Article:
Mauritian rupee is the official unit of exchange in the Republic of Mauritius. Mauritius, although being an African country, use rupee that is popular among Asian countries such as India, Pakistan, Sri Lanka, Nepal, Bhutan, Indonesia and Maldives. As per the ISO 4217 regulation, the currency and the numeric code for Mauritian rupee are defined as MUR and 480 respectively. Like most of the other rupee denominated currencies, Mauritian rupee is depicted with symbols “Rs”. The currency came into existence and has been serving the nation since the year 1934. The subunit of Mauritian rupee is provided by “cent” and is counted among the only three rupee currencies to use “cent” as its sub divisional unit.
Mauritian rupee is among the only three rupee denominated currencies in the world, along with Sri Lankan rupee and Seychellois rupee, that use “cent” as their subunit, “cent” commonly being a subunit of dollar currencies. Bank of Mauritius, which was established in 1966, looks after the flow of currency in the country and performs the role of the central bank of Mauritius. The first currency notes and coins were issued in the year 1876-77 during the reign of United Kingdom. Currently, the currency circulates in the country in total 15 face values, 7 in paper note form and the rest 8 in coin form.
During the 15th and 16th century, when the concept of colonisation developed among the European countries and the countries like Britain, France, Netherlands, Portugal etc conducted voyages to discover new lands, the route to the eastern world had Mauritius as an important way station. Portugal was the first European country to establish a base on the island but in the 1600s, Dutch annexed Mauritius. They brought along with them Dutch coins that used to circulate in the island at that time. French took over Mauritius in the year 1721 and as in the other colonies of France, French Colonial Livre that was abbreviated as XFCL started to be used in both coin and banknote form. Initially, the banknotes in French denomination were issued by “Compagnie Francaise des Indes”, a private French company that controlled the island. The company handed over the control to the French government in 1764 and consequently, the government started issuing its own notes. From 1768, the banknotes started to get issued locally and also other popular foreign currencies such as Spanish silver dollars and Indian gold and silver coins were used prominently with the official unit of account.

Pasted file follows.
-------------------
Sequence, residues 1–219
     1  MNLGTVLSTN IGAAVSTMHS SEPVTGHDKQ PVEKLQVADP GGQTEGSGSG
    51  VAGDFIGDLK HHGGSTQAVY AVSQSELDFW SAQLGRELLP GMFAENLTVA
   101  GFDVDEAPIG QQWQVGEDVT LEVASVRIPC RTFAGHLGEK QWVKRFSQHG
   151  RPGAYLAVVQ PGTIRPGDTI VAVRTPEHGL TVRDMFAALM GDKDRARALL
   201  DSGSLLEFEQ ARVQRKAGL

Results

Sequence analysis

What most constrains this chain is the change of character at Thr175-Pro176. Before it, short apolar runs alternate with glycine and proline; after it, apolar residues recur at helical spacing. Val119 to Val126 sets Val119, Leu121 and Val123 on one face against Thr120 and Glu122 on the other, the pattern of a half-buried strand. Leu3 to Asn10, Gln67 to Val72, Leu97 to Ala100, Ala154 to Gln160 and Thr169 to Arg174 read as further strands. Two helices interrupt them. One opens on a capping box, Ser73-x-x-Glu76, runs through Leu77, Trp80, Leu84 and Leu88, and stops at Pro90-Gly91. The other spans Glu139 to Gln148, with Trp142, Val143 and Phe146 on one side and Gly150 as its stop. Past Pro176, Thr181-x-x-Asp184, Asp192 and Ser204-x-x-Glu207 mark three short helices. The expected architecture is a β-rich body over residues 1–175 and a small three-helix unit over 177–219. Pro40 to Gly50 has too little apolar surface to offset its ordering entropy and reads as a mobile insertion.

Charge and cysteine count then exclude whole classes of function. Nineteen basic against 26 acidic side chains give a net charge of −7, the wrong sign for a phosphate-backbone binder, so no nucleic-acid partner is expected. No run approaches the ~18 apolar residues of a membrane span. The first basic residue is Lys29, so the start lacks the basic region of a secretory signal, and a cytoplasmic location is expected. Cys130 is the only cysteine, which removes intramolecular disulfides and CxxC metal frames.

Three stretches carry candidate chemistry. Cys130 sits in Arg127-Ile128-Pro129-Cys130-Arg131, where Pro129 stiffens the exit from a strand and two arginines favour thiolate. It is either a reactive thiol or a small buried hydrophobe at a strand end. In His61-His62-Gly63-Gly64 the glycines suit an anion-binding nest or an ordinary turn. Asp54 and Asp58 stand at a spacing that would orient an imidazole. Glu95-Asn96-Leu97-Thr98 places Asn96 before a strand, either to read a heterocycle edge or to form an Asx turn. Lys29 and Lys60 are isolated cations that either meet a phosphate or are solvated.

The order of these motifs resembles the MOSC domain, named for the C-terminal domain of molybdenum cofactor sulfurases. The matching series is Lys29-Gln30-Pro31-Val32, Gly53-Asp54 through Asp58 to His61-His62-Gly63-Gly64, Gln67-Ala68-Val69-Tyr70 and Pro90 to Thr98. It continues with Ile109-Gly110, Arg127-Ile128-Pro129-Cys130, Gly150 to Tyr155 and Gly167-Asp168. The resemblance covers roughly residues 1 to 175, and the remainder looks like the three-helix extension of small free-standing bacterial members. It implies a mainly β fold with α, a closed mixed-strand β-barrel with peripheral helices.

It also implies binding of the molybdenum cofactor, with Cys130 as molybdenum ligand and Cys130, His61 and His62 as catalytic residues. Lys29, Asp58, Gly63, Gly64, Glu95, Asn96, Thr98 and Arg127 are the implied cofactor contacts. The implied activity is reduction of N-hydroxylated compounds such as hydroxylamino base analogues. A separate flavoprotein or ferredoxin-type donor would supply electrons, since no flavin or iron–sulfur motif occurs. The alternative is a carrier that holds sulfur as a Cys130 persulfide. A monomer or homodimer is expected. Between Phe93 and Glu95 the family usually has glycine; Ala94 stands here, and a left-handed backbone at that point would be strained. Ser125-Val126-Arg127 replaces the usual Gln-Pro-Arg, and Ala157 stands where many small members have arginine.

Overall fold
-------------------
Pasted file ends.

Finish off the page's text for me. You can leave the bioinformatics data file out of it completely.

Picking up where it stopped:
In the early 19th century, Britain captured Mauritius and changed the official unit of account to Pound Sterling but Spanish dollars were still popular as a prime medium of exchange. In an attempt to popularise the British currency, many attempts were made including establishment of a currency board in 1849 but all these steps didn’t work. In 1876, Indian rupee was made the official currency of Mauritius due to its popularity and the pound sterling banknotes were withdrawn from the circulation. In 1934, Mauritian rupee finally replaced Indian rupee and formed a separate currency that was directly linked to pound sterling and note the Indian rupee. The responsibility of managing currency in the country was entitled to the Mauritius Currency Board from 1934 till 1967, when Bank of Mauritius came into existence and has been issuing the currency in Mauritius till present.